Lazy lists - an implementation.

Richard Carlsson <>
Wed Oct 18 13:09:25 CEST 2000

On Tue, 17 Oct 2000, Sean Hinde wrote:

> > And here is my first version of a lazy lists library. Seems 
> > to work ok.
> Just so I (and I guess others?) understand how all this would be
> applied to the original problem (that iterating over very large lists
> causes large heaps to be generated)..
> If we already have a large list and want to generate another I guess
> there would there be no benefit of converting this into a lazy_list
> first? (would this make a Huge fun?)

Not "Huge" - the function "lazy(L)" takes your normal list and embeds it
in a small fun (no copying done) which will on demand return the next
element. The space usage is comparable to a tuple with a small number of

> If we already have the list and want to do say a checksum calc on it
> (foreach/2) there is no advantage because we still have to run through
> all the elements (ok, one at a time)?


> So this could be used where the list itself doesn't already exist and
> we want to iterate to produce a result which isn't a list? Wouldn't
> the stack then fill up with the not yet calculated results of each
> iteration?

Well, what the result is (list or not) is not important as such, and an
iteration like the following executes in constant space:

	sum(L) -> sum(L, 0).
	sum(L, A) ->
	    case L() of
	        [H | T] -> sum(T, A + H);
	        [] -> A

What happens is that the "lazy list" will never really be built in memory
as a list - the producer just uses cons cells to pass the next element on
demand (the "tail" is the function to use for getting the element after
that, and so forth), and [] to signal "the end".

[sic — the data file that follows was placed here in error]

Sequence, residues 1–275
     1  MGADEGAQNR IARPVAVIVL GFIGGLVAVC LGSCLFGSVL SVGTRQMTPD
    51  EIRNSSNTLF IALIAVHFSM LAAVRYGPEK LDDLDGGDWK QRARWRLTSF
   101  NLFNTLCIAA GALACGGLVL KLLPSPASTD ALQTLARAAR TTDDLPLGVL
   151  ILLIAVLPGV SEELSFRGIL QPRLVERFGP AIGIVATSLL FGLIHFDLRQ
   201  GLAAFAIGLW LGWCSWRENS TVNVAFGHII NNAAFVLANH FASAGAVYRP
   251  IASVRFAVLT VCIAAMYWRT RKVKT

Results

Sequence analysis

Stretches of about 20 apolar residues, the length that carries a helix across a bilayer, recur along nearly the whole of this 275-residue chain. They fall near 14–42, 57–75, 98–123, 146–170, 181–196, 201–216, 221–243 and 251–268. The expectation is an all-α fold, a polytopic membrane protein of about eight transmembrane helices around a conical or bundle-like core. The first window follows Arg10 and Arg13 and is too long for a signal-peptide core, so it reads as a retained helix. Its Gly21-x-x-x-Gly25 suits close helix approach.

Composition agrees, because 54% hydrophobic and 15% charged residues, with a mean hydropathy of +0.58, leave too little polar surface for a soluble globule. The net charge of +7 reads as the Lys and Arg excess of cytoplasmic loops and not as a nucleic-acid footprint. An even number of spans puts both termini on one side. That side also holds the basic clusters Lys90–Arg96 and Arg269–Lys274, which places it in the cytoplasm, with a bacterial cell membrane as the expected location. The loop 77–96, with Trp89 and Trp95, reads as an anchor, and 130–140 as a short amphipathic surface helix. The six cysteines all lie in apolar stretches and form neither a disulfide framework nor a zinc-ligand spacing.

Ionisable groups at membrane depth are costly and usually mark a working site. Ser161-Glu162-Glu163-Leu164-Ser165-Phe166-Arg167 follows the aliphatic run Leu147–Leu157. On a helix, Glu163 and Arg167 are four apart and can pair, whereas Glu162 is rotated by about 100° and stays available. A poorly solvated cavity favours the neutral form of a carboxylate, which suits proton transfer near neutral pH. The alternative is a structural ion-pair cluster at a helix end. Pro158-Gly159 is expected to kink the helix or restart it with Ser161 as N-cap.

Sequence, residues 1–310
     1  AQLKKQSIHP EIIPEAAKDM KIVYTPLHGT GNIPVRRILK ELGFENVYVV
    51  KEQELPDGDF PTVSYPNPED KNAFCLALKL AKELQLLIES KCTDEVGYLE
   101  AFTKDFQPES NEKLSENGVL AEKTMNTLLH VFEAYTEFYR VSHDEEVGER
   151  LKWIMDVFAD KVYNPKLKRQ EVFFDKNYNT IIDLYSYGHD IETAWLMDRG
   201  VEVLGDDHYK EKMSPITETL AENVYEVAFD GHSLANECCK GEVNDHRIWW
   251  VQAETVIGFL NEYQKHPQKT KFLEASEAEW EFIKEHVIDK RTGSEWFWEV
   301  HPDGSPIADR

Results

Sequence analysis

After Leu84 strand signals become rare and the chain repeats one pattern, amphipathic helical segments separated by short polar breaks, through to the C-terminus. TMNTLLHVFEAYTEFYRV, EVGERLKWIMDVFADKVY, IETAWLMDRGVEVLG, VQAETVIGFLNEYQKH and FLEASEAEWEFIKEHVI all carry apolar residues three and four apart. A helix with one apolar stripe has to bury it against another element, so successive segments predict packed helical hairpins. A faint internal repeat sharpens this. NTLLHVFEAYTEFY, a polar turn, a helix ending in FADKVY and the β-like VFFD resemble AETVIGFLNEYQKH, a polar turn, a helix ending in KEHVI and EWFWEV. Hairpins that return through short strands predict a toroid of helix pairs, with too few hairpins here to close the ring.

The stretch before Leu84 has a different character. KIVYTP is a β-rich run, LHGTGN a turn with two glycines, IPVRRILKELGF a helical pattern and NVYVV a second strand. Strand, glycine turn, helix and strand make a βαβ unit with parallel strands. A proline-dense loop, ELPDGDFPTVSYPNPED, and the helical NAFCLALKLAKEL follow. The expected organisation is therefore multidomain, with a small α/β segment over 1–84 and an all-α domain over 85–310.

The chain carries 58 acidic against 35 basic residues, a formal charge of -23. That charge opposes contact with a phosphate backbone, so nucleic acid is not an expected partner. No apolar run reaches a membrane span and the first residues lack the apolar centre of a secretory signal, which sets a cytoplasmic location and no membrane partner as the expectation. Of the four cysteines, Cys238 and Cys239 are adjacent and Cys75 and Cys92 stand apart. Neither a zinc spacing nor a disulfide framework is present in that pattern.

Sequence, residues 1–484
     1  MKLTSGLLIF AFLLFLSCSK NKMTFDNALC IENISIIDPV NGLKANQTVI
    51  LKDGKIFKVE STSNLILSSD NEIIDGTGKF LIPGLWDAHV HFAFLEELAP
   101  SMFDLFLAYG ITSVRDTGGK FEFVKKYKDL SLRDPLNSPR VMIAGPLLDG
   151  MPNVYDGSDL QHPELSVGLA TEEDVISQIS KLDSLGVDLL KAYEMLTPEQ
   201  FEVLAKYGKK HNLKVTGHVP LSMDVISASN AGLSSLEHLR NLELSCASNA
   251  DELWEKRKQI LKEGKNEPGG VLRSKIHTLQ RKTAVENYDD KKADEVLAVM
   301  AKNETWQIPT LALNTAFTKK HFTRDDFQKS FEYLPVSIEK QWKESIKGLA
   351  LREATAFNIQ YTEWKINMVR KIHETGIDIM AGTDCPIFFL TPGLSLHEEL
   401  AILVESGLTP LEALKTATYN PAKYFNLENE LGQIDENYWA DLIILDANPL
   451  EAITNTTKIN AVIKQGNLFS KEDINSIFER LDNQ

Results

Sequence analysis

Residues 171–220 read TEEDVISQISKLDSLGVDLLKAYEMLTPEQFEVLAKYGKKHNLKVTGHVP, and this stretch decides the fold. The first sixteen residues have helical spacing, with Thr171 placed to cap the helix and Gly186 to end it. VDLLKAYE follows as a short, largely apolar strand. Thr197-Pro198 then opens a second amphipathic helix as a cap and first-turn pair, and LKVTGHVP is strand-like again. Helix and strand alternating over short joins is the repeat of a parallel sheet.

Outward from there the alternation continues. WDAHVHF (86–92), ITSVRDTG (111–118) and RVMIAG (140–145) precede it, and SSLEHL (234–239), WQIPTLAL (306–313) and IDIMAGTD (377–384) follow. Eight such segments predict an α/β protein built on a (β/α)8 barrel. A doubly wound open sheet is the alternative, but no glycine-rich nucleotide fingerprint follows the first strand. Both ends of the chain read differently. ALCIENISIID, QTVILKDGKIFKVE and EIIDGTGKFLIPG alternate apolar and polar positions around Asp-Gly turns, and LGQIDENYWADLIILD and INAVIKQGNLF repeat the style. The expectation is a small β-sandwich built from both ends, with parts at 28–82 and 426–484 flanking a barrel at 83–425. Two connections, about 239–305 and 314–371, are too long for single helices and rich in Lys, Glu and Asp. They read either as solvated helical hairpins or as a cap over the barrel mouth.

> My head is starting to spin. Under what circumstances would this stuff
> be very appropriate to use?

For one thing, if you were to have a "final consumer" of some list (or
"stream"), which would take elements one at a time and use them for
something, bluntly assuming that they are right for its task, and you have
some producer that has passed you a lazy list (stream), and you want to
apply some modification to the elements (map, filter, merge, ...) - but
you don't want to read the whole list, do your thing to it, and send the
result to the consumer - you just want to "attach" the modification
without requesting a single element before the consumer decides that it
wants one. Using a lazy list:

	transmogrify(L) ->
	    L1 = lazy_lists:map(fun my_filter/1, L),

Now, the "map" will be applied to each element as the consumer requests
them, and not until then. You can in this way attach any sort of
complicated modification to a lazy list (stream) without having to pass
callback hooks to the consumer through a complicated interface. You just
pass your new lazy list.


Richard Carlsson ()   (This space intentionally left blank.)
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